From left: Bob Crisp, the only man to take 4-in-4 twice; Pat Pocock, who took 4 in 4, 5 in 6, 6 in 9, and 7 in 11; and Neil Wagner, the only one to take 5 wickets in an over in First-Class cricket © Getty Images
From left: Bob Crisp, the only man to take 4-in-4 twice; Pat Pocock, who took 4 in 4, 5 in 6, 6 in 9, and 7 in 11; and Neil Wagner, the only one to take 5 wickets in an over in First-Class cricket © Getty Images

It was a Thursday, June 28, 1862 in Victorian England, and a First-Class match was about to begin at Hove between Kent and hosts Sussex. English cricket was in a state of transition at the time, making the laborious and contentious change from the early underarm mode of bowling to round-arm and finally, to the over-arm form of bowling that we know today. Overs of the time consisted of 4 balls only, and there were many who sported top-hats and gaiters in the field. Pitches were far from perfect and there was always the anticipation of something unusual happening during the course of the game.

John Hale, skipper of the Sussex team and a former Rugby School alumnus, opted for first strike. He might have regretted the decision soon, because Sussex were bowled out for 101, off 82 overs.

Kent’s main wicket-taker was one Joseph Wells, from Penshurst Place, with figures of 28-13-35-6. It seems that Wells was a nephew of Timothy Duke, related to the Duke family of Penshurst that had been in the business of manufacturing their celebrated brand of six-seam cricket balls with a Royal Patent in 1775. His son, of course, earned more fame, and went by the name of HG Wells.

The match notes inform us that Wells had taken a hat-trick in this innings with the wickets of James Dean (4), Spencer Leigh (golden duck), and Charles Ellis (golden duck). Wells than added insult to injury and entered the record books forever by capturing another wicket, that of Richard Fillery (golden duck) with his very next ball, becoming, in the process, the first bowler in the history of First-Class cricket to take 4 wickets in 4 consecutive balls. Kent won the game by 10 wickets.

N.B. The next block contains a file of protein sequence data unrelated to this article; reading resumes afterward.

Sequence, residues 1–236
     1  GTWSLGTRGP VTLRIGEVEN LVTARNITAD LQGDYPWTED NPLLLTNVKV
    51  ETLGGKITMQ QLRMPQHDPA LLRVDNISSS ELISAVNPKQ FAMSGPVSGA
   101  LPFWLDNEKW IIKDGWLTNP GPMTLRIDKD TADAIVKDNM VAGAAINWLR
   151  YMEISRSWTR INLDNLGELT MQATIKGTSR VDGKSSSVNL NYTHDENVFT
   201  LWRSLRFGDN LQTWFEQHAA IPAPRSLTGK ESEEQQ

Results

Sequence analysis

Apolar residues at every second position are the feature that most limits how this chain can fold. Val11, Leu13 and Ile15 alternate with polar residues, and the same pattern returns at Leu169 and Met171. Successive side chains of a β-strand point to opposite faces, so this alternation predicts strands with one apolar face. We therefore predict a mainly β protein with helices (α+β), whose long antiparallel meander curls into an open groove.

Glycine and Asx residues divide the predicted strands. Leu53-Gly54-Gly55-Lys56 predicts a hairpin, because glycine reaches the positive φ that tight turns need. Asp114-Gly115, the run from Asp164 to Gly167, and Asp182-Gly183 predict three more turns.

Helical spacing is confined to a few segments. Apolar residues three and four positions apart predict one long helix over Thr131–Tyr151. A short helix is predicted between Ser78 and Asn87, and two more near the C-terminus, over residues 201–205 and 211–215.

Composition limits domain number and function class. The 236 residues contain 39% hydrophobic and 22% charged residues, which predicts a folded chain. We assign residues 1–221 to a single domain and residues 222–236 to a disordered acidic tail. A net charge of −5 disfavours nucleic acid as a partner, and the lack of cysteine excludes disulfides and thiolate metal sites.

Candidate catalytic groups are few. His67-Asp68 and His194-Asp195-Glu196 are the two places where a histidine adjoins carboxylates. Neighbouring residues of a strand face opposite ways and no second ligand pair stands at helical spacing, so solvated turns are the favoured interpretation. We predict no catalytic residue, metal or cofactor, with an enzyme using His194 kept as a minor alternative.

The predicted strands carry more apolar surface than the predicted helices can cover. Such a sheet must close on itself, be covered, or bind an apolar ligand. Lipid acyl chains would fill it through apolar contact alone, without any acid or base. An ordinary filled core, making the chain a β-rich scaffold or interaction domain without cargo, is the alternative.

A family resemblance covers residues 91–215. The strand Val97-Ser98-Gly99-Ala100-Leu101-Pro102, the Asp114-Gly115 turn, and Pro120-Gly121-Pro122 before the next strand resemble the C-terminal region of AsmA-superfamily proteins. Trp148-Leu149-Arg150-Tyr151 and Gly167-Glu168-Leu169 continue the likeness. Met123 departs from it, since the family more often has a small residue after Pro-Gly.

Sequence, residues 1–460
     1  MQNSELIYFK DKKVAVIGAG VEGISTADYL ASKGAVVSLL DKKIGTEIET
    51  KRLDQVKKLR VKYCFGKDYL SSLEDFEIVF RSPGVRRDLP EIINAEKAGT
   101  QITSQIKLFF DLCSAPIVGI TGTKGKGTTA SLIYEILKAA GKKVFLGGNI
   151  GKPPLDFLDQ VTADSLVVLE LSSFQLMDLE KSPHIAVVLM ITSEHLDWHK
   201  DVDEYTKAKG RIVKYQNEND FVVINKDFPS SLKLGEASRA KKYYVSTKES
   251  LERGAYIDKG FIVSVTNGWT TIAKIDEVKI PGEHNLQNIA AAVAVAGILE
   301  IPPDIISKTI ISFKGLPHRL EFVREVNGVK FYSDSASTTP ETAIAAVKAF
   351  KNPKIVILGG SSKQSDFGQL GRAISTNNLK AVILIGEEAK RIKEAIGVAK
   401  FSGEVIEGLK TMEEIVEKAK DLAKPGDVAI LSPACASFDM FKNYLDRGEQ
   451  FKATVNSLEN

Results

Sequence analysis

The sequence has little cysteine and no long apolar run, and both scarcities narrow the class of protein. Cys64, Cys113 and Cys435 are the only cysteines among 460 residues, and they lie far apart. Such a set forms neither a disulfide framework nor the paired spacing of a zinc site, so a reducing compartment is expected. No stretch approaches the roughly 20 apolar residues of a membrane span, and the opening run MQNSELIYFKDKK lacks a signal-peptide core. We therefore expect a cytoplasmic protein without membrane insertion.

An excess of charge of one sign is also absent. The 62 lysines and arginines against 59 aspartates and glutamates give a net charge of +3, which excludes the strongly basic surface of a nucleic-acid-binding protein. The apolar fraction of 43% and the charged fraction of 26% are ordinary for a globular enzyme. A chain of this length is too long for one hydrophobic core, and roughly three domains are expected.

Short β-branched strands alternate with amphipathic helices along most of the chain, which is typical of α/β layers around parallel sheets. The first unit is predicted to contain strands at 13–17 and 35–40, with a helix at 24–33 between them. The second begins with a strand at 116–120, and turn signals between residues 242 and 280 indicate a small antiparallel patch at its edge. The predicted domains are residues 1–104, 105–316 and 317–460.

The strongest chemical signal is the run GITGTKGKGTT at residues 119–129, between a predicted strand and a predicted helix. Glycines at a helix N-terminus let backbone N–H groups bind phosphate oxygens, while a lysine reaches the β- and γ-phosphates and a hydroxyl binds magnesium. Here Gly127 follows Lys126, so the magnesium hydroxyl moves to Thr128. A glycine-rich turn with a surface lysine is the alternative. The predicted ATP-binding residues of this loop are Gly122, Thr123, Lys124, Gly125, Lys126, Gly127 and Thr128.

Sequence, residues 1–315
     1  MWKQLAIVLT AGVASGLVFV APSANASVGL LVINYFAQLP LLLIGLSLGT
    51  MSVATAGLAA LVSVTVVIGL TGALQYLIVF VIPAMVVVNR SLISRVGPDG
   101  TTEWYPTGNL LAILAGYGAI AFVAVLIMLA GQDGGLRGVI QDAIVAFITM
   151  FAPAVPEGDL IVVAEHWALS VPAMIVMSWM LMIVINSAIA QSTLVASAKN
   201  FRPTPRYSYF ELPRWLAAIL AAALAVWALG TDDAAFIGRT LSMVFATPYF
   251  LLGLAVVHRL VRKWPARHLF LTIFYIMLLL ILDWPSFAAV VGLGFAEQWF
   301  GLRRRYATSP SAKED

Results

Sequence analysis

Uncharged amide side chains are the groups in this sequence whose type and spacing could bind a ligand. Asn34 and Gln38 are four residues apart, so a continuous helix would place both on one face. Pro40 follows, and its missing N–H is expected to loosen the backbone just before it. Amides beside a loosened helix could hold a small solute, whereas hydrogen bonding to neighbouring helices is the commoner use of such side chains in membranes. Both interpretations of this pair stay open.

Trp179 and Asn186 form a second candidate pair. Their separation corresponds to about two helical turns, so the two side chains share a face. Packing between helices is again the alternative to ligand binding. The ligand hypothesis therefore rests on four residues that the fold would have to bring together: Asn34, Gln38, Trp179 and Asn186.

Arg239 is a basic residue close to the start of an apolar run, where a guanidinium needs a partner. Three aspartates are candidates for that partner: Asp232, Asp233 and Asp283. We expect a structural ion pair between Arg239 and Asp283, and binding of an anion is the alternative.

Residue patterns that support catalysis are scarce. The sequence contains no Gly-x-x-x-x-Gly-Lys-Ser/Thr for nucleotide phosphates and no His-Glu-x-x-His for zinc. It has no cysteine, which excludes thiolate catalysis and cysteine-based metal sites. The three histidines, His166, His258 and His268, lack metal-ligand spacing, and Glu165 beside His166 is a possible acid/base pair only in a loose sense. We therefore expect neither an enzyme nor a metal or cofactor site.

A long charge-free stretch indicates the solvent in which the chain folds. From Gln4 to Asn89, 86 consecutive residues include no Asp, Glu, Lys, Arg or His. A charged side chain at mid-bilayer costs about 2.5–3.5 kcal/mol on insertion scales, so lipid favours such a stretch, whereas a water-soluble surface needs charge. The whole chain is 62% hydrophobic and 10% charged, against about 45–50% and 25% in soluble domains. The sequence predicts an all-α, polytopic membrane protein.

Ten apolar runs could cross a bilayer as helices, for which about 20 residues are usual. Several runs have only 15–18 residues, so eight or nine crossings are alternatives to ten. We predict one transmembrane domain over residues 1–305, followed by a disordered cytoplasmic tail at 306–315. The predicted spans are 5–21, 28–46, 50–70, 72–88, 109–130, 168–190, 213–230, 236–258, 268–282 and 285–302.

Till date, there have been 44 instances of a bowler taking 4 wickets off 4 consecutive balls in First-Class cricket. Bob Crisp is the only bowler to perform the feat twice in his First-Class career, as follows:

- For Western Province (WP) against Griqualand West (GW) at Johannesburg in 1931-32

Crisp took 8 for 31 in the GW first innings of 114, including a hat-trick. He also took 5 in 8 balls, 6 in 12, and 7 in 25.

- For WP against Natal at Durban in 1933-34

Crisp took 9 for 64 in the Natal first innings of 214.

In this connection, perhaps a special mention should be made of Neil Wagner, born in 1986 at Pretoria, but whose magic figures materialised while playing for Otago against Wellington at Queenstown in Plunket Shield 2010-11.

Wagner captured a hat-trick in the Wellington first innings of 148, converted that into a 4-in-4, and completed the over by taking 5 wickets in the six-ball over, becoming the first ever, and to date, the only, bowler to do so in the history of First-Class cricket. Bowling the last over before lunch on the third day, Wagner picked up 4 wickets with the first 4 balls of the over, before finishing the over with another wicket off the sixth.

Further scrutiny of the available data shows that there had been 8 instances up to the year 1899, 24 instances from 1900 to the year 1999, and 12 instances from the year 2000 till date.

There are only two Indians in this list: Sadanand Mohol and Shankar Saini, both of whom have played relatively few First-Class matches in their respective careers. Let us look at the careers of these two in a little detail.

A right-arm fast-medium bowler, Mohol played 45 matches, capturing 165 wickets at 21.32. His best innings bowling figures were 8 for 42. He had five or more wickets in an innings 9 times and 10 or more wickets in a match twice. He was one of the only two quick bowlers to be selected for the Indian team on the 1967 tour of England, the other being Subrata Guha. Mohol, however, was never awarded a Test cap.